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1\chapter{Allocator}
2
3\noindent
4====================
5
6Writing Points:
7\begin{itemize}
8\item
9Objective of uHeapLmmm.
10\item
11Design philosophy.
12\item
13Background and previous design of uHeapLmmm.
14\item
15Distributed design of uHeapLmmm.
16
17----- SHOULD WE GIVE IMPLEMENTATION DETAILS HERE? -----
18
19\PAB{Maybe. There might be an Implementation chapter.}
20\item
21figure.
22\item
23Advantages of distributed design.
24\end{itemize}
25
26The new features added to uHeapLmmm (incl. @malloc\_size@ routine)
27\CFA alloc interface with examples.
28
29\begin{itemize}
30\item
31Why did we need it?
32\item
33The added benefits.
34\end{itemize}
35
36
37%%%%%%%%%%%%%%%%%%%%%%%%%%%%%%%%%%%%%%%%%%%%%%%%%%%%%%%%%%%%%%%%%%%%%%%%%%%%%%%%%%%%%%%%%%%%%%%%%%%%%%%%%%%%%%%%%%%%%%%%%%%%%%%%%%%%%%%%%%%%
38%%%%%%%%%%%%%%%%%%%%%%%%%%%%%%%%%%%%%%%%%%%%%%%%%%%%%%%%%%%%%%%%%%%%%%%%%%%%%%%%%%%%%%%%%%%%%%%%%%%%%%%%%%%%%%%%%%%%%%%%%%%%%%%%%%%%%%%%%%%%
39%%%%%%%%%%%%%%%%%%%%%%%%%%%%%%%%%%% uHeapLmmm Design
40%%%%%%%%%%%%%%%%%%%%%%%%%%%%%%%%%%%%%%%%%%%%%%%%%%%%%%%%%%%%%%%%%%%%%%%%%%%%%%%%%%%%%%%%%%%%%%%%%%%%%%%%%%%%%%%%%%%%%%%%%%%%%%%%%%%%%%%%%%%%
41%%%%%%%%%%%%%%%%%%%%%%%%%%%%%%%%%%%%%%%%%%%%%%%%%%%%%%%%%%%%%%%%%%%%%%%%%%%%%%%%%%%%%%%%%%%%%%%%%%%%%%%%%%%%%%%%%%%%%%%%%%%%%%%%%%%%%%%%%%%%
42
43\section{Objective of uHeapLmmm}
44UHeapLmmm is a lightweight memory allocator. The objective behind uHeapLmmm is to design a minimal concurrent memory allocator that has new features and also fulfills GNU C Library requirements (FIX ME: cite requirements).
45
46\subsection{Design philosophy}
47The objective of uHeapLmmm's new design was to fulfill following requirements:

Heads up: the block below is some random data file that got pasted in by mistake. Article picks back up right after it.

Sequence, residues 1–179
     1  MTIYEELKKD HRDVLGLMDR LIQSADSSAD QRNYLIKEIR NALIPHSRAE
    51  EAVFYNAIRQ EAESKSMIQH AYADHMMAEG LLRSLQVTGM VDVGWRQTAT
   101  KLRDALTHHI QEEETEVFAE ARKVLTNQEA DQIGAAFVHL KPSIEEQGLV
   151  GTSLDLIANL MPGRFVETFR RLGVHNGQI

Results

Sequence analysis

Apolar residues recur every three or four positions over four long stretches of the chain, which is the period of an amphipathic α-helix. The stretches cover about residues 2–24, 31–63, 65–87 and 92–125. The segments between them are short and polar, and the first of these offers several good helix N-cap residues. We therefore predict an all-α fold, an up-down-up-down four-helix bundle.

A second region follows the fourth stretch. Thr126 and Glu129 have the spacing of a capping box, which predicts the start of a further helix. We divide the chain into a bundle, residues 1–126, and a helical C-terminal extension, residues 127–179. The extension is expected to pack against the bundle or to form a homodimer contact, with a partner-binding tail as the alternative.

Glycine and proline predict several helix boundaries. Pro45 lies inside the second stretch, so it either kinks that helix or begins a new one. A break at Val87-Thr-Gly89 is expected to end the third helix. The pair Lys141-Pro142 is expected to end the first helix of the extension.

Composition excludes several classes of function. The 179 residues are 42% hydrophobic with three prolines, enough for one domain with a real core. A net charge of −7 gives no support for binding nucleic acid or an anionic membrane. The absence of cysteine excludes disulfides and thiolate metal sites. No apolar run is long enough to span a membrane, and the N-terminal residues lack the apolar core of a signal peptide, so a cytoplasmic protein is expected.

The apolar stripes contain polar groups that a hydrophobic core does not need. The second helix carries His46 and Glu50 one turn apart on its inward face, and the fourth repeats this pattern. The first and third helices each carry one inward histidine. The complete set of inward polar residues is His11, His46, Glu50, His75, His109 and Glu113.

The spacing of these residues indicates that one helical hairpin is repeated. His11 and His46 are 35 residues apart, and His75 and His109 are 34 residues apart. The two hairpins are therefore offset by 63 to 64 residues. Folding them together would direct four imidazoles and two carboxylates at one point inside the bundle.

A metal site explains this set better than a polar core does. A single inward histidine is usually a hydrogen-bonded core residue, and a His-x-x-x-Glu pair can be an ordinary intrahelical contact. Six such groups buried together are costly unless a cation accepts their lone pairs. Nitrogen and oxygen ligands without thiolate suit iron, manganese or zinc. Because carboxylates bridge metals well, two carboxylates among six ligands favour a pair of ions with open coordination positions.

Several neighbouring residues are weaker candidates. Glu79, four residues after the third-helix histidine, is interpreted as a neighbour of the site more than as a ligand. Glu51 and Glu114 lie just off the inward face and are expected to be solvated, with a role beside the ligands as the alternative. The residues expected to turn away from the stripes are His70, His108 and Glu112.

48\begin{itemize}
49\item It should be concurrent to be used in multi-threaded programs.
50\item It should avoid global locks, on resources shared across all threads, as much as possible.
51\item It's performance (FIX ME: cite performance benchmarks) should be comparable to the commonly used allocators (FIX ME: cite common allocators).
52\item It should be a lightweight memory allocator.
53\end{itemize}
54
55%%%%%%%%%%%%%%%%%%%%%%%%%%%%%%%%%%%%%%%%%%%%%%%%%%%%%%%%%%%%%%%%%%%%%%%%%%%%%%%%%%%%%%%%%%%%%%%%%%%%%%%%%%%%%%%%%%%%%%%%%%%%%%%%%%%%%%%%%%%%
56
57\section{Background and previous design of uHeapLmmm}
58uHeapLmmm was originally designed by X in X (FIX ME: add original author after confirming with Peter).
59(FIX ME: make and add figure of previous design with description)
60
61%%%%%%%%%%%%%%%%%%%%%%%%%%%%%%%%%%%%%%%%%%%%%%%%%%%%%%%%%%%%%%%%%%%%%%%%%%%%%%%%%%%%%%%%%%%%%%%%%%%%%%%%%%%%%%%%%%%%%%%%%%%%%%%%%%%%%%%%%%%%
62
63\section{Distributed design of uHeapLmmm}
64uHeapLmmm's design was reviewed and changed to fulfill new requirements (FIX ME: cite allocator philosophy). For this purpose, following two designs of uHeapLmm were proposed:
65
66\paragraph{Design 1: Decentralized}
67Fixed number of heaps: shard the heap into N heaps each with a bump-area allocated from the @sbrk@ area.
68Kernel threads (KT) are assigned to the N heaps.
69When KTs $\le$ N, the heaps are uncontented.
70When KTs $>$ N, the heaps are contented.
71By adjusting N, this approach reduces storage at the cost of speed due to contention.
72In all cases, a thread acquires/releases a lock, contented or uncontented.
73\begin{cquote}
74\centering
75\input{AllocDS1}
76\end{cquote}
77Problems: need to know when a KT is created and destroyed to know when to assign/un-assign a heap to the KT.
78
79\paragraph{Design 2: Centralized}
80One heap, but lower bucket sizes are N-shared across KTs.
81This design leverages the fact that 95\% of allocation requests are less than 512 bytes and there are only 3--5 different request sizes.